Universal design means nothing more than best usability for as many people as possible.
One thing is clear: Good usability is a decisive success factor for every product and every service. This is why smart companies today rely on solutions in universal design.
The art here is to transform optimum usability for everyone into a stylish design.
From the very beginning, Apple focused on the best possible usability of its mobile devices. They should be so simple and intuitive that an iPhone can be operated without a user manual, even “blind”. To meet this requirement, Apple worked closely with blind and visually impaired usability experts. This resulted, for example, in the language assistant Siri, which is today a favourite of all Apple fans. Not just those with visual impairments.
This simple and convenient usability was and is a central element in Apple’s success.
Threshold-free passages are not only safer, they also look much better than conventional doorways. Alumat Frey GmbH launched its first magnetic door for threshold-free indoor passages as early as 1988. Outdoors, the magnetic zero threshold doors have been in use for 20 years. Two magnet profiles, additional rubber seals and the patented drainage system ensure absolute safety from water, air and sound.
The traditional company Felix Austria from Austria found a solution for something that has been annoying thousands of people every day for years:
The lids of food jars are too difficult to open.
Felix jars with cucumbers, sughi and salads now offer a new lid with innovative ring technology.
Our test showed: The new lid indeed opened without much effort and without the usual aids – universal design at its best!
No need for years of development or high costs here. Simply a good idea in the sense of universal design and an open mind of the decision makers:
Upon the suggestion of Albrecht Hung, Chairman of the Association of people with disabilities in Kempten, McDonalds has fitted bar tables in its Kempten branch with a second, lower tabletop.
The company Reinhold Keller GmbH from Kleinheubach in Bavaria has perfectly realised Mr. Hungs idea: Now children and people in wheelchairs can also comfortably place their drinks and food on the table. In addition, bags, scarves and gloves find ideal, clean and safe storage space.
Who remembers the old trams and buses?
When getting on and off, 2-3 narrow and steep steps had to be overcome. For prams, shopping trolleys or suitcases you needed the help of the driver or other passengers. Walking impaired people and wheelchair users could not use this public transport at all.
Today, however, the comfortable low-floor vehicles have long since become standard. Because they are simply much more comfortable and safe. And everyone can use them – which naturally means more passengers and more revenue for the operators.
A good example of how universal design creates a win-win situation.
The stylish porcelain tableware in the Neufchâtel series from Villeroy & Boch has been specially developed for people with limited motor skills.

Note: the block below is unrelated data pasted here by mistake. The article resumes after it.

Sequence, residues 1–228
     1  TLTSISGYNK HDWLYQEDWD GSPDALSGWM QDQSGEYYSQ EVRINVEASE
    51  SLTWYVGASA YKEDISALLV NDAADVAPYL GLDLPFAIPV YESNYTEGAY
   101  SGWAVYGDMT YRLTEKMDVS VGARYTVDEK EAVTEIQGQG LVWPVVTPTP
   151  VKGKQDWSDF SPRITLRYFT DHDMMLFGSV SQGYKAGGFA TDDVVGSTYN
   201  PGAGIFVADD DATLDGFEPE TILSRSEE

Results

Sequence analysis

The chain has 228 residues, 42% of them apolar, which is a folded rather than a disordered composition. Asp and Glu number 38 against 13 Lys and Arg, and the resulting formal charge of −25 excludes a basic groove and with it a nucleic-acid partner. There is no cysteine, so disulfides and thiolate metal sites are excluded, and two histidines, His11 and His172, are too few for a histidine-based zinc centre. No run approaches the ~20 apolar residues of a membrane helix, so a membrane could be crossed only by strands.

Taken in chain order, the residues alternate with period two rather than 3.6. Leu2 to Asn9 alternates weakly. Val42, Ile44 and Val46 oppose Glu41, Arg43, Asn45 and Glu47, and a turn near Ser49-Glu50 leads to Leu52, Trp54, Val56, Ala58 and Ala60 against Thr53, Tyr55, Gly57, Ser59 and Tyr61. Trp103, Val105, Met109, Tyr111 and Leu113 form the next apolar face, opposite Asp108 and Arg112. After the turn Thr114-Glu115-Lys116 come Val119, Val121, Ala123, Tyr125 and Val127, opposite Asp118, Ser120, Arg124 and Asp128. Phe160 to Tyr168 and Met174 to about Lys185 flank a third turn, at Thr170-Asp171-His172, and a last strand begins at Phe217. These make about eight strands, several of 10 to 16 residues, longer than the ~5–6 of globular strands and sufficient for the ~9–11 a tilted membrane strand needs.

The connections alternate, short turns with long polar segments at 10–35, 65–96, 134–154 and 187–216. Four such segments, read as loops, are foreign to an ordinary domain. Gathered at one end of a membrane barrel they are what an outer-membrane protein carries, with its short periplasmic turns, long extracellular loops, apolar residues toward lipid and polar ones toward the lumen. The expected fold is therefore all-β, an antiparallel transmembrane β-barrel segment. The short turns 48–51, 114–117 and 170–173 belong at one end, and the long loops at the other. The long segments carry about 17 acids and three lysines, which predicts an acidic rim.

But safe and comfortable handling of porcelain is never wrong.
Secure gripping of all parts, anti-tilt protection for the cup, steep walls and wiper edges convince in terms of ergonomics and practicality. Nevertheless, all seven parts look very elegant and attractive.
The company even received the Universal Design Award 2017 for this.
Universal Design is particularly in demand in the sanitary area. After all, the barrier-free bathrooms in 50s hospital design are no longer acceptable today.
Instead, floor-level showers are the latest trend. Mirrors that reach down to the edge of the washbasin make the bathroom look more spacious. Light switches, sockets and hairdryer are within easy reach for all.
At Kaldewei the corners and edges of sanitary elements are rounded off. Sturdy, firmly bolted furniture does not fall over if it suddenly has to serve as a support.
In universal design, all this is called fault tolerance.
When a tourism consultant and accessibility expert becomes the editor of a magazine, universal design comes out at its best!
Julia Marmulla supports with her company Accessibility PLUS Comfort tourism companies and travellers with disabilities.
Therefore, it was clear to her that the magazine “Meine Reisewelt. Unique-comfortable-accessible” must also be accessible to all. Therefore the 2-senses principle is applied: Readers can either read the content themselves, or scan a speech code and have the respective article read aloud to them.
The Allgäu Art Hotel in Kempten, Germany proves that a hotel can be completely barrier-free and yet chic, cheerful and well designed.
Here, already the planning took the principles of universal design into account. A lowered reception area, threshold-free passages, haptic, clearly legible lettering, tables and beds that can be driven under, floor-level showers and spacious elevators provide a pleasant hotel stay for people with disabilities.
The modern, cheerful design and good service now also attracts many business travellers and tourists.
Families with small children, people with disabilities or even old people, who are not so fit and safe on their feet, would like to enjoy the mountains.
The Tyrolean Kaunertal has specialised in these target groups. Hiking trails, viewing platforms and of course funiculars are easily accessible with prams and wheelchairs. You can even hire equipment to help you uphill. And of course there are also suitable accommodations in universal design.
A highlight for guests is the Kaunergrat Nature Park. The nature park house is completely barrier-free. The spectacular viewing platform “Gacher Blick” is easily accessible via a ramp. The nature trail at Piller Moor is equipped with audio info via NFC Speech Tags.
Increasing numbers of guests prove it: Universal Design is a sales driver!